Concussions and Your Child’s Health By Dr. Tara Hosie #wellbeingwednesday
The topic of concussions has been gathering a lot of media attention lately and for very good reason. As more and more research is being done on the topic we are gaining a better understanding of the severity of the injury and how it should be managed.
Everyone involved in children’s sport including teachers, parents, coaches and the kids themselves need to understand the seriousness of concussions, how to recognize them and what protocols to follow if they do occur.
According to the 2015 International Concussion Consensus, a research symposium on concussions, there are several tenets of a concussion:
- A concussion is a traumatic brain injury
- You do not need to hit your head to get a concussion, it can be a blow to the body, a fall or a whiplash type injury
- There is no loss of consciousness in up to 90% of cases
- CT scans of the brain are normal
Signs and symptoms of concussions are broken down into four categories:
- Cognitive: difficulty with concentration and memory
- Emotional: irritability, nervousness, anxiety, depression, anger
- Physical: headaches, dizziness, nausea, sensitivity to light and sounds
- Sleep Disturbances: difficulty sleeping or increase sleepiness
Up to 90% of people who suffer a concussion recover in 1-2 weeks but pediatric populations (kids) may take longer. Education and early guidance from a healthcare professional following a concussion may reduce the duration of symptoms, which highlights the importance of early detection. In addition, protecting the individual from repeat injury is extremely important.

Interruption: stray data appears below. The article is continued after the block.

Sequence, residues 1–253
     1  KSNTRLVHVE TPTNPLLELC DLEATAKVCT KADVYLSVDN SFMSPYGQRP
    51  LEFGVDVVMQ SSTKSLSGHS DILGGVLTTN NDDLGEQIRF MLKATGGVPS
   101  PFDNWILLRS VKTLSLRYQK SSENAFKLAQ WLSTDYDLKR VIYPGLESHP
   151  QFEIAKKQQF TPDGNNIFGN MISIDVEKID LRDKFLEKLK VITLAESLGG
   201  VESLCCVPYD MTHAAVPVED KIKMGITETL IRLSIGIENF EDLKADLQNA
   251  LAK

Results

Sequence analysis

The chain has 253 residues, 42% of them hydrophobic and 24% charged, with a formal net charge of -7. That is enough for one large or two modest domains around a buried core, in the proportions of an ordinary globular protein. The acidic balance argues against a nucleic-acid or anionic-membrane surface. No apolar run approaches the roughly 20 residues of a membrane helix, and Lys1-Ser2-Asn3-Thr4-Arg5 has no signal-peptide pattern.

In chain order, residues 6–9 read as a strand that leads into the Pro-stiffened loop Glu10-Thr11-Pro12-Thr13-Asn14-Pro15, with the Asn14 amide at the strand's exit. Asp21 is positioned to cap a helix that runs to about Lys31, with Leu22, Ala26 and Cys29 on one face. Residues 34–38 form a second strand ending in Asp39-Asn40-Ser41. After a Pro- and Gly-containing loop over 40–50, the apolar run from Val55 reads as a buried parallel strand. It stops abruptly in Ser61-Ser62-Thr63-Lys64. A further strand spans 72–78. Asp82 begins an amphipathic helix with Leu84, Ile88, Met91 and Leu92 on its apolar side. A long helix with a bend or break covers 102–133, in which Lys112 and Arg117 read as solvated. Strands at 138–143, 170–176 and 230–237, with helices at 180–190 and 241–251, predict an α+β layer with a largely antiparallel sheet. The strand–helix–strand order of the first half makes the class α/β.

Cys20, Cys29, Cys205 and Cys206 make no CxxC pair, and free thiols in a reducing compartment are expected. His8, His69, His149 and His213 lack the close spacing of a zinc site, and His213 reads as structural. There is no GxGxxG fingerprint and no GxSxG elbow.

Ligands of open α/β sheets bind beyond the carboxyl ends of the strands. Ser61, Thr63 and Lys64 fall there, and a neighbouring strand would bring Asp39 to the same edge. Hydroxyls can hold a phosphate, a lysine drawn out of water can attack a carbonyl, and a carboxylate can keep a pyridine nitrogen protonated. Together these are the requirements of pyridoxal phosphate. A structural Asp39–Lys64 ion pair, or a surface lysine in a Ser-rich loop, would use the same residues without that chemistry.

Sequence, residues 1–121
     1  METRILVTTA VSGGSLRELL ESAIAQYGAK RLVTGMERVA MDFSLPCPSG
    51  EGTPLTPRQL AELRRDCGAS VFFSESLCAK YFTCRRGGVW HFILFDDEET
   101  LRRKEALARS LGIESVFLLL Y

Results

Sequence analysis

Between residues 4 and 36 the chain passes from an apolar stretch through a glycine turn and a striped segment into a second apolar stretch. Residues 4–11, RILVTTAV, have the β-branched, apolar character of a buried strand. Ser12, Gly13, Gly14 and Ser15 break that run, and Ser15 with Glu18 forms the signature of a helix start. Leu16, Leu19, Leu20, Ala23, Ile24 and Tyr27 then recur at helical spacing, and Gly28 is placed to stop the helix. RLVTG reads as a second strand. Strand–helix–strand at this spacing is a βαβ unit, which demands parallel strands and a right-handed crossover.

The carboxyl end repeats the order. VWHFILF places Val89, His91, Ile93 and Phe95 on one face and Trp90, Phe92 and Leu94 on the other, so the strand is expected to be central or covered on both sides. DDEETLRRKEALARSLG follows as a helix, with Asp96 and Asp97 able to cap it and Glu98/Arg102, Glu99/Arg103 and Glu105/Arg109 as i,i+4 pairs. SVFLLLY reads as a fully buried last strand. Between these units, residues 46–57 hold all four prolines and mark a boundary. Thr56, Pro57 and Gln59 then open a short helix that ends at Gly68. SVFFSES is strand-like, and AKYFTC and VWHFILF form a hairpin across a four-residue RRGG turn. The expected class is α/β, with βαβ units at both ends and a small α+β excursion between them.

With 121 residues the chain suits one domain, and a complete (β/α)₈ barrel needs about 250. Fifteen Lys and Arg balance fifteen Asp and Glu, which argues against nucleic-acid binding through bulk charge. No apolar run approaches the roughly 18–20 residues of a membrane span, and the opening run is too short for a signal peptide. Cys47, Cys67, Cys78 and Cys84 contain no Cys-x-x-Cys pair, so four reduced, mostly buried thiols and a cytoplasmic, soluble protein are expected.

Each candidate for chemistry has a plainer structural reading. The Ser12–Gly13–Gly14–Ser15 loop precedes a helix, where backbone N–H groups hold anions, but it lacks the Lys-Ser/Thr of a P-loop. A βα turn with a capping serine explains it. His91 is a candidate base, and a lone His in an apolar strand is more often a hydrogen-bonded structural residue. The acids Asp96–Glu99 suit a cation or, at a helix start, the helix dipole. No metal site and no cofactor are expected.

Baseline testing is a good tool to have when suspecting a concussion; it involves a series of tests measuring neurological function, balance, reaction time, memory, and speed of mental processing. A healthcare provider such as an athletic therapist, physiotherapist, kinesiologist or chiropractor commonly performs these tests at the beginning of a season in order to assess the child’s level of functioning. This comes in handy as a comparison if a concussion is suspected later in the season. It is important to note that baseline testing does not play any role in the prevention of concussion, it is only a tool for comparison to ensure prompt detection.
In cases that last beyond the expected 1-2 weeks, it is important to consult healthcare providers that are trained in concussion protocol and are able to effectively treat the symptoms and implement a proper return-to-play program.
All of this information begs the question, “Should I just ban my kids from participating in sport all together?” The increased media attention and new information is causing parents to become concerned about enrolling their children in sports. Although this fear is not completely unwarranted there are other considerations to be made. Without sports, kids would be more inclined to fill the void with more time spent on smartphones, tablets and laptops. Increased technology use leads to a host of other health concerns including obesity, heart disease, diabetes as well as postural issues. Recreational sports provide kids with a great opportunity to exercise both their bodies and their minds while learning valuable skills such as teamwork and discipline.
While concussion risk in children’s sport is very real, taking steps towards education, early recognition and proper treatment can help to mitigate the effects so that they can continue to reap the benefits of organized sports while staying healthy and safe.
Dr. Tara Hosie is a Toronto area chiropractor treating various conditions related to the muscles, joints and nervous system of the body. Call Dr. Hosie 647-965-7621
Visit her Online by Clicking Here